Driving in Highgate Hill with My Driving School
Highgate Hill is an inner city suburb that has lots of traffic flow all through the day.
For all the students that live in this suburb I would be inclined to start my driver training down by the water near the park on Hill End Terrace. This is a nice gentle hill where the learner can practice feeling the grab point of the clutch. It’s really important to feel comfortable with this basic driving element before hitting the traffic! In saying that, lots of students find driving in the traffic confronting and it is inevitable that at some stage they will stall. For most students this is embarrassing but not a big deal. For other students driving in an area like Highgate Hill and stalling can lead to other motorists losing patience and maybe showing their displeasure by beeping or (if you’re especially lucky) hurling some form of abuse. Stalling can happen to anyone but if the situation is getting out of control and the learner is in a car without dual controls I would advise it best to put the hazard lights on and swap seats with the open licence holder that is accompanying the learner. I have seen many students over the past 8 years of instructing that have been scared by these sorts of incidents and it definitely depends on the students’ ability to cope. I just don’t think it’s worth getting upset about. It’s best for the open licence holder to get the car out of the way then maybe head back down to a road like Hill End Terrace and just go over and over the basics of the hill start.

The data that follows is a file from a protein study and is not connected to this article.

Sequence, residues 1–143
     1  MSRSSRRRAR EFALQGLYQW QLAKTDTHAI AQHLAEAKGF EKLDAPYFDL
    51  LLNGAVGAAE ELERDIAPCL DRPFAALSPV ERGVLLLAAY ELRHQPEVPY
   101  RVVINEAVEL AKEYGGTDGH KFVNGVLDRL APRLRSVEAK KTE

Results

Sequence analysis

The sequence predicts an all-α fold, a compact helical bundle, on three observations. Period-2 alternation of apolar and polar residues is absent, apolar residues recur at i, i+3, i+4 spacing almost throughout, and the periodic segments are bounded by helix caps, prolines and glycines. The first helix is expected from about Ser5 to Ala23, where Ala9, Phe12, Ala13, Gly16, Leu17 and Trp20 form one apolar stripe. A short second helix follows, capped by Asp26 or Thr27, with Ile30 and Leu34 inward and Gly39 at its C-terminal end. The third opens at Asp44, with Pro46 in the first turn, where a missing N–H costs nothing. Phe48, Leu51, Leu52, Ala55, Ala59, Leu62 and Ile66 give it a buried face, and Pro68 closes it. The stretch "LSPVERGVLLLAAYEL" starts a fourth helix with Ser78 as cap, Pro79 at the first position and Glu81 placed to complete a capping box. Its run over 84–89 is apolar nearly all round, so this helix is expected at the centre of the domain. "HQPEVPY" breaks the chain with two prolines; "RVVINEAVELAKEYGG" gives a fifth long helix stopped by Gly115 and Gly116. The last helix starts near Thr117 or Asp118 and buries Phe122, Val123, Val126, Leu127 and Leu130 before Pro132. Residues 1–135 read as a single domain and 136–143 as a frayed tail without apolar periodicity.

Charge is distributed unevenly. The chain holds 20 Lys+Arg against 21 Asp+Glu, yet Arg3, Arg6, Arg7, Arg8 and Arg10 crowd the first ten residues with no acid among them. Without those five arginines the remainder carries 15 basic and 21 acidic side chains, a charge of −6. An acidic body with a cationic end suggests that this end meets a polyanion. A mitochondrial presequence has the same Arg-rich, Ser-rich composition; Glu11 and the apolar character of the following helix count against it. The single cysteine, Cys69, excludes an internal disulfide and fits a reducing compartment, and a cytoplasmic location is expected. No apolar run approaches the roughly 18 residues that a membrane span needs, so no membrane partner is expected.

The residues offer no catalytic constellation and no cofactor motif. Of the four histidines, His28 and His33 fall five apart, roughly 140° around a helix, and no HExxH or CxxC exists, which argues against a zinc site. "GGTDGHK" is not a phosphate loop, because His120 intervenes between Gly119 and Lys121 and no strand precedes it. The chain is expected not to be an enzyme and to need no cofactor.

As the student gets really good there is plenty of challenging roads that are great for practicing the students’ control. If you head up Sankey Street then turn onto Dornoch Terrace the student must be very good with 1st gear and also must be aware of the bike lanes on Dornoch Terrace. In these areas I would encourage the use of 1st gear whenever the student is approaching a giveaway. The cyclists that come down Dornoch Terrace can have quite a lot of speed and if the student pops out on the road too fast they could easily take a cyclist out. Observation saves lives and great control of 1st gear gives the student time to observe all the hazards on these challenging roads.
There is also lots of areas to practice parallel parking. I would also head down to West End and practice turning right at the lights that intersect Vulture St and Boundary St. This is an intersection that does not have a turning arrow. The first car must enter the intersection with their wheels facing forward and waiting 1 meter before the middle. When there is a gap in the oncoming traffic they should exit the intersection or if there is no gap the car must wait until the light turns red then they must leave the intersection before the next direction of traffic start to drive off.